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Episode 4

Back to POPIA for Estate Agents

Remaining 5 of the 8 Conditions for lawful processing- Narrative

Welcome back to our Estate Agent clients to this, our fourth podcast in the series. Thank you for joining me again, Hayley.

Just to recap, last episode we looked at the definition of exactly what and who the Responsible Party is and who the Operator is. We also went through the first three Conditions for lawful processing that the Responsible Party needs to uphold, that is :

  • 1. Accountability
  • 2. Processing Limitation
  • 3. Purpose Specification

Today we are going to look at the remaining five Conditions of lawful processing :

  • 4. Further Processing Limitation
  • 5. Information Quality
  • 6. Openness
  • 7. Security Safeguards
  • 8. Data Subject Participation

Just to recap - Processing Limitation means that you are only allowed to process the data for the purpose that you collected it for. This means Further Processing Limitation outlines that anything else you do with that data must be compatible with the purposes for which you first collected that data.

That makes sense. If I give out my medical aid information about my health, it shouldn’t mean they can use that information to profile me for a Life Insurance product if I haven’t said they can. Is that right?

That’s right. You can use that information to do something in line with the purpose of your collection, but not something unrelated. Next up is Condition five, also a logical one, and that is Information Quality.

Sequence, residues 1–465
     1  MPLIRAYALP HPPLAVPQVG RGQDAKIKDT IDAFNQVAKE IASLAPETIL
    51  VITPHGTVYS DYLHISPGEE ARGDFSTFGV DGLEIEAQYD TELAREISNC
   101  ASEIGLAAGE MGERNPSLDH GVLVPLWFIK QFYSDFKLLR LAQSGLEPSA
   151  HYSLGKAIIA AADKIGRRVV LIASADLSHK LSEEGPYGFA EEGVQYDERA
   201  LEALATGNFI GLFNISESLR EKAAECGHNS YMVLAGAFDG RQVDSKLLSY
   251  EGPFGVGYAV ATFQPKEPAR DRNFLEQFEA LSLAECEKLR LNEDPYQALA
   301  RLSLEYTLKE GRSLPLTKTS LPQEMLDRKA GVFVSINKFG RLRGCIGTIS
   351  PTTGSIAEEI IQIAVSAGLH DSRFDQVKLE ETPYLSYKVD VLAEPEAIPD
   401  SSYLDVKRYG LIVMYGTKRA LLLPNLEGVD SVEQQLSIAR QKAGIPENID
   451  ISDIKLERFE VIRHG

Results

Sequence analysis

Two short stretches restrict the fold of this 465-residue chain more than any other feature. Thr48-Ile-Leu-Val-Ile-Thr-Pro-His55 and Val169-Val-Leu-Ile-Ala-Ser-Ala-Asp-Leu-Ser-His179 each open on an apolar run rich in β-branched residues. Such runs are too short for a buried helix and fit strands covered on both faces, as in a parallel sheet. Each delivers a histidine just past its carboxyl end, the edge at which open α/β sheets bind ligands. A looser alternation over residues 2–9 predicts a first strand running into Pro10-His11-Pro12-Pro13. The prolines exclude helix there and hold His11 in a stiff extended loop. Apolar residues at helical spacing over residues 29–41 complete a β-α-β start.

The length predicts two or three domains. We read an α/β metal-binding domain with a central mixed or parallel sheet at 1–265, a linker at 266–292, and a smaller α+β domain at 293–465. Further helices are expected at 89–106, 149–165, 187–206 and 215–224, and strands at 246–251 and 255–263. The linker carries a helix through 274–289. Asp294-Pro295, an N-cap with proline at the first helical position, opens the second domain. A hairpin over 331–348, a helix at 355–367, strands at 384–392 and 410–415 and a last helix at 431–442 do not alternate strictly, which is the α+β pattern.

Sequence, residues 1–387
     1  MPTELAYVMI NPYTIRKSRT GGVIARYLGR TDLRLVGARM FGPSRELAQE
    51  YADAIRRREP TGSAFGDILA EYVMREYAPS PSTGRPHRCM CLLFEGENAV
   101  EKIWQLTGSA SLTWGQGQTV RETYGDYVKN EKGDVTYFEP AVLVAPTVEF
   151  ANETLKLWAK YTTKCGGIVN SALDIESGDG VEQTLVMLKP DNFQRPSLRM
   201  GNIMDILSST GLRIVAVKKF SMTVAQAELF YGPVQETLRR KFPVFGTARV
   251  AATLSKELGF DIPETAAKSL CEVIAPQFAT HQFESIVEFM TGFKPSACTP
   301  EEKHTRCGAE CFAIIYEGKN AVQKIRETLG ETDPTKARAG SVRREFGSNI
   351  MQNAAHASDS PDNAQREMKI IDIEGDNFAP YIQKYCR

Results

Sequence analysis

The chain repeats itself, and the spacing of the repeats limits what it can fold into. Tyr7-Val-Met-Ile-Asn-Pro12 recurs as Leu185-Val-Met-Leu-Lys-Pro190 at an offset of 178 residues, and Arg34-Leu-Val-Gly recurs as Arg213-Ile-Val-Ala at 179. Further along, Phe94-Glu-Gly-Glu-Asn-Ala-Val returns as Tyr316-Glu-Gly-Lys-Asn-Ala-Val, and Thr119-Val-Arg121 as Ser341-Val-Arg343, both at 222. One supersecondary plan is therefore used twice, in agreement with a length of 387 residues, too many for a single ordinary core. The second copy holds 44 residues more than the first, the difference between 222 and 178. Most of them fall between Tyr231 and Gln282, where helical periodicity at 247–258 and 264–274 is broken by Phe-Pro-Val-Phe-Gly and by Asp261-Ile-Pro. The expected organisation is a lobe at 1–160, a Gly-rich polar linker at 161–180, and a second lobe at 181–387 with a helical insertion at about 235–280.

I guess that means you have to make sure the PI you collect is correct?

That’s exactly right. It’s your job as the Responsible Party to ensure it’s accurate, complete, not misleading, and updated where necessary, bearing in mind the purpose for which it was collected.

That’s all very reasonable and straight forward. What’s Condition six then?

Condition six is Openness and has two components. Firstly, if you’re working with PI you need to keep documentation of your processing operations and make this available to people in an accessible POPIA manual. Secondly, you need to notify them and make sure they’re aware of several things like what personal information you’re collecting, your name and address, the purpose you’re collecting it for, and who you’ll be sharing it with, if anyone, etc.

But surely if I’m getting information from someone they’ll be aware of it?

For Estate Agents they mostly will. Just check the full section of POPIA obligations to make sure you know what all your obligations are. Also, a note to our listeners that there are some exceptions to this section so again it’s wise to read it.

We’re on to Condition seven – what does that cover?

Condition seven is Security Safeguards. If you’re holding other peoples’ personal information, you have to make sure you can secure the integrity and confidentiality of that data. This means not leaving it lying around, making sure you lock your computer when you leave it, keeping your diary and phone inaccessible to others, and so on. You have to proactively identify all the risks, internally and externally, that could result in inappropriate access to the data, and put in place measures to protect it. This obligation to keep the personal information secure and confidential applies to both Responsible Parties and Operators.

So this isn’t just about making sure Estate Agents have a security scanning program on their laptops?

No, it’s much broader than that. You need to ensure holistically that anybody who doesn’t have the right to see that data doesn’t and can’t access that data in any form.

So for example, Estate Agents can’t leave a Showday Register at the front door for people to complete as they visit. Is that what you mean?